Opinion: The science behind Trump's popularity

Chris Graves, global chairman of Ogilvy PR, takes a look at what makes the outspoken Republican presidential candidate so confounding, and appealing.

Chris Graves
Chris Graves

Every day, political analysts and pundits claim to reveal the real reason behind the rise of Donald Trump in his campaign. But social scientists have the best evidence. There is not one reason: there are many.

If you ask Americans whether crime has been on the rise, two-thirds say "yes". But official stats show a 75-percent decline in violent crime over the past two decades. Why the disconnect?

The late professor George Gerbner would attribute it to the ‘mean world syndrome’. His overarching ‘cultivation theory’ found people overestimate the prevalence of things they see on TV.

You see a shark bite played over and over on the news, you assume the odds are good you’ll get bitten. Now imagine a whole generation raised on reality TV. The whole point is deception to win. There is no prize for ‘loser with integrity’.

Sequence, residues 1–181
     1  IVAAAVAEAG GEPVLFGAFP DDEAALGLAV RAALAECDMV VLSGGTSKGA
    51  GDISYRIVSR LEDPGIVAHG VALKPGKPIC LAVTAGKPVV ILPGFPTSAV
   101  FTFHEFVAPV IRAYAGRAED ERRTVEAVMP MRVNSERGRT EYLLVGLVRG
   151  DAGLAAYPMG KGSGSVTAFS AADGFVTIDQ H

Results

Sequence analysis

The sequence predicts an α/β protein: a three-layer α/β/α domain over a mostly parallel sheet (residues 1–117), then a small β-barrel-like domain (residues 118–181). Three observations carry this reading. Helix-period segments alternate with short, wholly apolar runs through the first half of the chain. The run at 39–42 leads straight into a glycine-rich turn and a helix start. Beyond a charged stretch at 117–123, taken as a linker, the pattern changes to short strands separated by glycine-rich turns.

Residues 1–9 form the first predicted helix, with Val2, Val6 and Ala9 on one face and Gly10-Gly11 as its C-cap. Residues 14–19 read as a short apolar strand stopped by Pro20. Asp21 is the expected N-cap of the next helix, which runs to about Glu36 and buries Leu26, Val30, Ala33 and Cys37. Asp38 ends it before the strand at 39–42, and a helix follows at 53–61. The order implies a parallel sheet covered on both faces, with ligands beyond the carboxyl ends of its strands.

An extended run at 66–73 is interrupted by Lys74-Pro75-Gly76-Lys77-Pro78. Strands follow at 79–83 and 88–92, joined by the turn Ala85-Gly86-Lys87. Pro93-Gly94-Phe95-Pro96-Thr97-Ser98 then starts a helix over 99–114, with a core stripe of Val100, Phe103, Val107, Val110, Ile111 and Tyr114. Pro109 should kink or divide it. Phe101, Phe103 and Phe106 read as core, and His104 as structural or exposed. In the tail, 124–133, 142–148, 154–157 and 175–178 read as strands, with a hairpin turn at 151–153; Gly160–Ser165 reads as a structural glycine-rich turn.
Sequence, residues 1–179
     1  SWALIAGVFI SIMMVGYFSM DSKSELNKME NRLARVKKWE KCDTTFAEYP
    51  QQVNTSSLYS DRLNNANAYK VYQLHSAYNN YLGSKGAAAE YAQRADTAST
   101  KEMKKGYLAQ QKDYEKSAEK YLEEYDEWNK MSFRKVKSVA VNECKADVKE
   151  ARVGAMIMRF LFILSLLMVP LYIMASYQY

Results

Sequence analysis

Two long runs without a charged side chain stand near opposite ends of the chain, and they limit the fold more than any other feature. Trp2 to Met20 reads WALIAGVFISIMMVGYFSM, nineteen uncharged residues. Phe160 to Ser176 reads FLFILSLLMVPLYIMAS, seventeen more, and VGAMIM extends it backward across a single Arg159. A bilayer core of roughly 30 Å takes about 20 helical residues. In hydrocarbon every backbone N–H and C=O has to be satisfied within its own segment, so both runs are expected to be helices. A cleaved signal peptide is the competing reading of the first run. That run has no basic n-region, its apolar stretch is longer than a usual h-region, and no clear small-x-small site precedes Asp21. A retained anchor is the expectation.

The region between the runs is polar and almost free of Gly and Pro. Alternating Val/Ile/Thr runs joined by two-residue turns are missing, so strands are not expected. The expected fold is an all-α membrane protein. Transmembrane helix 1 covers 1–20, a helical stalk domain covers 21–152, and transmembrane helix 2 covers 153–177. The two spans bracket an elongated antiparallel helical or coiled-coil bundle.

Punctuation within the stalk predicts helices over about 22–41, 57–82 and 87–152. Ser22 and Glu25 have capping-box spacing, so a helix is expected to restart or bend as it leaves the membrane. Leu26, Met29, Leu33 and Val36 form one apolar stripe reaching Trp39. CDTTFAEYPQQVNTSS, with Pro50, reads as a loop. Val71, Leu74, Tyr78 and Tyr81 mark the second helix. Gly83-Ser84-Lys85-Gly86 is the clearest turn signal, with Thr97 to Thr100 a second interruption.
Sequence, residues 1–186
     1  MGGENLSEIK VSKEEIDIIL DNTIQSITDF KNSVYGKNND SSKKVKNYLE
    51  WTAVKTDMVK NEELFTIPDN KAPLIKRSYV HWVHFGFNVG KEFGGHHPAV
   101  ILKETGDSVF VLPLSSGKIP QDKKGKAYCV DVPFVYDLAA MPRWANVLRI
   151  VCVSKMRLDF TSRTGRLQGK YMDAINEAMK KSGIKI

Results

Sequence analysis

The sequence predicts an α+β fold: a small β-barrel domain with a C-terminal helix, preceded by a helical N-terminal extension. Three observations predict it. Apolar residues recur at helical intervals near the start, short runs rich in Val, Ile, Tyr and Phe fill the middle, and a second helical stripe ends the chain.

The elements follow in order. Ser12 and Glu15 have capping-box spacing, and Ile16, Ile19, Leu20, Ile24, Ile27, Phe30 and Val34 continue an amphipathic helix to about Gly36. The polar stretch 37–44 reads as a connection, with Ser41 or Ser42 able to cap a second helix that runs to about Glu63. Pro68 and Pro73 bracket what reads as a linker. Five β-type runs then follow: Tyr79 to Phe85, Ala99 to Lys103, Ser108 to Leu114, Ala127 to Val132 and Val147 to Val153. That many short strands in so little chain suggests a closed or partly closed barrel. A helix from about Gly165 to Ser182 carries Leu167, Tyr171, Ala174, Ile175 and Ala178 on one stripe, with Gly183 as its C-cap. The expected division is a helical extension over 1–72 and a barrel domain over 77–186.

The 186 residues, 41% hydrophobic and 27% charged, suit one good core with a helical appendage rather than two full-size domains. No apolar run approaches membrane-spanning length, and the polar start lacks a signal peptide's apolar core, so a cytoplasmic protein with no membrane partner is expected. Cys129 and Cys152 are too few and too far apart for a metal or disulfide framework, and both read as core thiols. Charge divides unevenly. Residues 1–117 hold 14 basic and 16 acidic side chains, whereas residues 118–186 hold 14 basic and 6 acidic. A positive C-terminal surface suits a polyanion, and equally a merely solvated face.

Now imagine a presidential candidate who has already been the country’s boss (on TV) for 14 years.

For decades, the Global Social Survey has asked people, "Would you say most people can be trusted?" 40 years ago, the split was about even. Today, two-thirds say people cannot be trusted.

Sara Konrath, a professor who specialises in empathy and narcissism research, has found a steady rise in narcissism over the past 30 years. She found 75 percent of American students rate themselves as less empathetic than the average student 30 years ago.

When it comes to trying to defeat Trump through evidence of hypocrisy, psychology professor Bob Altemeyer said: "It’s as if each idea is stored in a file that can be called up and used when the authoritarian wishes, even though another of his ideas — stored in a different file — basically contradicts it.

"We all have inconsistencies in our thinking, but authoritarians can stupefy you with the inconsistency of their ideas."

Christopher Graves is global chairman of Ogilvy Public Relations, chair of the PR Council and a trustee of the Institute for PR. Follow or tweet him at @cgraves

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